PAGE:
The best tool in my view to control costs is earned value management (EVM). It measures project progress against the baseline plan. EVM must be setup properly and executed well to be effective. Finance issues an earned value (EV) report monthly. The report includes the performance of each WP and is color coded (green-good; yellow-caution; red- poor) making it easy and quick to identified poorly performing WPs. This provided maximum time to find problem and fix it.
The type of contract determines your cost risk level. Your have most of the risk for a FFP contract. The customer has the majority of cost risk for a CP type contract. You cannot prioritize cost and schedule requirements within baseline plan at the same time. Select one or the other to prioritize when making decisions on your project. Prioritize cost for FFP contracts. Favor schedule on CP type contracts.
You have control over in-house costs but not subcontractor costs. If you wait for the customers RFP to be issued before you start working with candidate subcontractors, the likelihood is the subcontractors cost proposal will be very risky. To mitigate this risk, start working with them early before the RFP is issued using company money (typically done). Do not forget to add margin to the subcontractors cost proposal before inserting it into your proposal.
Ensure the cost and schedule requirements to mitigate risks are incorporated into your proposal before submitting it to the customer. If you wait until after contract award, there is no mechanism to provide the funding.
Budget estimates should be done on a WP basis (bottoms up) and a top down sanity check. If they are not consistent, reassess both types and adjust accordingly to bring them into alignment with each other.
EVM is the most effective tool I know to control costs. The biggest benefit is to identify poorly performing WPs allowing maximum time to identify the problem and resolve it. EVM must be setup properly and executed well for it to be effective.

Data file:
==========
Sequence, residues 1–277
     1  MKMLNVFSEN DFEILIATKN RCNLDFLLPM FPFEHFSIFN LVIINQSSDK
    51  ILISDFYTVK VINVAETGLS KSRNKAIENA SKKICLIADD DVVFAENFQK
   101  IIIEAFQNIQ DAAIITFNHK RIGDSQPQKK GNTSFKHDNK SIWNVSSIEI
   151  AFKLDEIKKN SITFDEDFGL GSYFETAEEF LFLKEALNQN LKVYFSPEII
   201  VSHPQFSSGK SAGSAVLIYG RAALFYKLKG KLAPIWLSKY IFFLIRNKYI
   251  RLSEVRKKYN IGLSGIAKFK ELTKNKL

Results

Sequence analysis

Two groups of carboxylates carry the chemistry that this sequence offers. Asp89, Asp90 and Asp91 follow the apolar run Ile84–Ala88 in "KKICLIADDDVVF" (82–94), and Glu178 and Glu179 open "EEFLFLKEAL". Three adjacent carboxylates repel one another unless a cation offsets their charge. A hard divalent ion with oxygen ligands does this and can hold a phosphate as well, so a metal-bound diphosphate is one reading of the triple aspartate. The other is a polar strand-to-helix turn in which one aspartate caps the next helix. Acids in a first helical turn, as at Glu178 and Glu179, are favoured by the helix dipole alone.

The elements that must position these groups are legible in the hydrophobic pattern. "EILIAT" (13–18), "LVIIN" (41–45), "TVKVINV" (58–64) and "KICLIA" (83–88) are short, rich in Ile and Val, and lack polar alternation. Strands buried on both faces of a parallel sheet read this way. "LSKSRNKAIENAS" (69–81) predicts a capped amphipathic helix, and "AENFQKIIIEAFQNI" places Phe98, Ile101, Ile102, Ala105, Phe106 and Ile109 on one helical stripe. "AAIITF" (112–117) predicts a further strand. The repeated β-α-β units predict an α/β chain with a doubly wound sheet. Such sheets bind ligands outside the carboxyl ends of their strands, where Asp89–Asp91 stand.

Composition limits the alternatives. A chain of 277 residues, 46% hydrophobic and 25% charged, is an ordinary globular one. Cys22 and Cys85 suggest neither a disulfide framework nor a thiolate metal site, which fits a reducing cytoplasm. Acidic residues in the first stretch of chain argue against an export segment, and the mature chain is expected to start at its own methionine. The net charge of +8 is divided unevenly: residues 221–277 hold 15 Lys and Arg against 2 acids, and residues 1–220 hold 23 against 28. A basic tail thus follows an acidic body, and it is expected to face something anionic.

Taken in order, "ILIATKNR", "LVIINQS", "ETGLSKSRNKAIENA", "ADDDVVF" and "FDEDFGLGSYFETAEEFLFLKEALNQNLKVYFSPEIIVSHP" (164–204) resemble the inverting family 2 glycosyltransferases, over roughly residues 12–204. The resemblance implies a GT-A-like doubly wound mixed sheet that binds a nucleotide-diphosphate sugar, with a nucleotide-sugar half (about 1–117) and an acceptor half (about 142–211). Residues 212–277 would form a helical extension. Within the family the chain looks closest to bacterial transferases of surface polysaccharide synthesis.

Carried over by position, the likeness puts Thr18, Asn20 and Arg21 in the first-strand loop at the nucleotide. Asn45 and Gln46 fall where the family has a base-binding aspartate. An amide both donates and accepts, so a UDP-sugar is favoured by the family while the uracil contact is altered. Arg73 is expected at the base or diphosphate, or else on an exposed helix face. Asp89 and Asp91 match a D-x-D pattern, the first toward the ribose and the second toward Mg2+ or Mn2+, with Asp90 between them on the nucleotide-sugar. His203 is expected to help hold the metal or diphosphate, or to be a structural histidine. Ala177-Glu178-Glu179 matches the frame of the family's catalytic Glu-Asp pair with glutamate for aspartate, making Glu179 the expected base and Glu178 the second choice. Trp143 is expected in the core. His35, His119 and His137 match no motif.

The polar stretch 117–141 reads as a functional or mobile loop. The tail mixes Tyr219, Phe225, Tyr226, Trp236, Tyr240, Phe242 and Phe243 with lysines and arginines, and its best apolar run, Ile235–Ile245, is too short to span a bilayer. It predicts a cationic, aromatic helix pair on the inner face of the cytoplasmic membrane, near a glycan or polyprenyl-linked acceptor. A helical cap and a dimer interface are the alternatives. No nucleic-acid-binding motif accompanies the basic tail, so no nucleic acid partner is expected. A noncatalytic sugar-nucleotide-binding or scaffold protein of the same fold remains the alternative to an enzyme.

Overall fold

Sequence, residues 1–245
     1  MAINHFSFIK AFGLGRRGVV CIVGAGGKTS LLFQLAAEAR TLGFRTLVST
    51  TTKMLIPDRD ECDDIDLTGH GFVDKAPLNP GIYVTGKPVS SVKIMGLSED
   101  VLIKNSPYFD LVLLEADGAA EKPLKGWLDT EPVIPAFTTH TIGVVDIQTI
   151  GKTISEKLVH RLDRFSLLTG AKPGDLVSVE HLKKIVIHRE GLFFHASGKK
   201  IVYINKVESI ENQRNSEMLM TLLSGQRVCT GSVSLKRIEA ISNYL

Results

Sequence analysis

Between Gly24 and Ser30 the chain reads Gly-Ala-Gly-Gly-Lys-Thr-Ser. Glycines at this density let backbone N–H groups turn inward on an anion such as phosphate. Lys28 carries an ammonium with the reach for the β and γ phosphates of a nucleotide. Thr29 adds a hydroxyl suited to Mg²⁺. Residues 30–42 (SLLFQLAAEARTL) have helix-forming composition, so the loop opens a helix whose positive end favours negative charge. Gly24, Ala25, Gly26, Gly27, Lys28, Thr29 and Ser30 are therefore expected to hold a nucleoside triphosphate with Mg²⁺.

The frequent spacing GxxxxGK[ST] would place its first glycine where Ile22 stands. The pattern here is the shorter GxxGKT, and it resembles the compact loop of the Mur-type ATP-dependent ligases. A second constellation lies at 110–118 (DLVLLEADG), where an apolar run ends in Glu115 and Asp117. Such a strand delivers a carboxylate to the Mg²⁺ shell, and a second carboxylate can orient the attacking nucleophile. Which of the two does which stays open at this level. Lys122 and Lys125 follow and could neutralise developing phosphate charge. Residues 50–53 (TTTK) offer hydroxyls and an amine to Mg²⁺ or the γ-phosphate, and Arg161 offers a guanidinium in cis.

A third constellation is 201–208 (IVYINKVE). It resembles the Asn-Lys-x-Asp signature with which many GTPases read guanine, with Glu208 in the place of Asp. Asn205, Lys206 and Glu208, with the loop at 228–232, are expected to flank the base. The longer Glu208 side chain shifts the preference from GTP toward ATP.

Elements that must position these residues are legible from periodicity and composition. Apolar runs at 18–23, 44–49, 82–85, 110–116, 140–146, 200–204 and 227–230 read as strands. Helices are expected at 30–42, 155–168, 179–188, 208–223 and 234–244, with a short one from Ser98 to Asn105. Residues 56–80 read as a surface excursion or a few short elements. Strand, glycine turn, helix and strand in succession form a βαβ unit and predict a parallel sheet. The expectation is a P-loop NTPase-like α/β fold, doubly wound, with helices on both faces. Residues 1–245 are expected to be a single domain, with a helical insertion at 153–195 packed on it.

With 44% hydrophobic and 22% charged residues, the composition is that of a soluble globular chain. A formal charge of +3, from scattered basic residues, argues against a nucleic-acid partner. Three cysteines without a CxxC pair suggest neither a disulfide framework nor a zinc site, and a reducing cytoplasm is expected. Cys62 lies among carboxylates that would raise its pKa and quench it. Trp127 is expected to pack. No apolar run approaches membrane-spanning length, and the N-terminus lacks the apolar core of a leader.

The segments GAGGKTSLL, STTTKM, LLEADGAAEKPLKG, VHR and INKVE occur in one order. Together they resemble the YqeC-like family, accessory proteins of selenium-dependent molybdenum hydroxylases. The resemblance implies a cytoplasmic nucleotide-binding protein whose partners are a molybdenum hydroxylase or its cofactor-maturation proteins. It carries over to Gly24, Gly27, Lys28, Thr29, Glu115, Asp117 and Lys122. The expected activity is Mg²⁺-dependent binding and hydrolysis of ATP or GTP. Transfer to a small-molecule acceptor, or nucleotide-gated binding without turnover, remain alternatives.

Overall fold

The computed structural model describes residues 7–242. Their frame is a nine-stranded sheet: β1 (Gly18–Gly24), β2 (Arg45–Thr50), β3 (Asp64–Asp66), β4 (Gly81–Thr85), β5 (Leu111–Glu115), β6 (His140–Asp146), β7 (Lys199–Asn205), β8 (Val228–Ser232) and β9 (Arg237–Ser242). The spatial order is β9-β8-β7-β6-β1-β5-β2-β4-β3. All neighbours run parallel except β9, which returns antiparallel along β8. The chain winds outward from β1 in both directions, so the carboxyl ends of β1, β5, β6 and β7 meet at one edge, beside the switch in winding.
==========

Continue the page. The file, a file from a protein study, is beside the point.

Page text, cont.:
Currently John is an author, writer and consultant. He authored a book entitled ‘Project Risk Management. It went on sale on Amazon in August 2019. He has presented several Webinars on project risk management to PMI. He writes a weekly column on project risk management for CERN. John also writes monthly blogs for APM. He has conducted a podcast on project risk management. John has published numerous papers about project risk management on LinkedIn.
John earned a BS in Mechanical Engineering and MS in Engineering Management from Northeastern University. He has extensive experience with commercial and DOD companies. He is a member of PMI (Project Management Institute). John has managed numerous large high technical development programs worth in excessive of $100M. He has extensive subcontract management experience domestically and foreign. John has held a number of positions over his career including: Director of Programs; Director of Operations; Program Manager; Project Engineer; Engineering Manager; and Design Engineer. He has experience with: design; manufacturing; test; integration; subcontract management; contracts; project management; risk management; and quality control. John is a certified six sigma specialist, and certified to level 2 EVM (earned value management).https://projectriskmanagement.info/
If you want to be a successful project manager, you may want to review the framework and cornerstones in my book. The book is innovative and includes unique knowledge, explanations and examples of the four cornerstones of project risk management. It explains how the four cornerstones are integrated together to effectively manage the known and unknown risks on your project.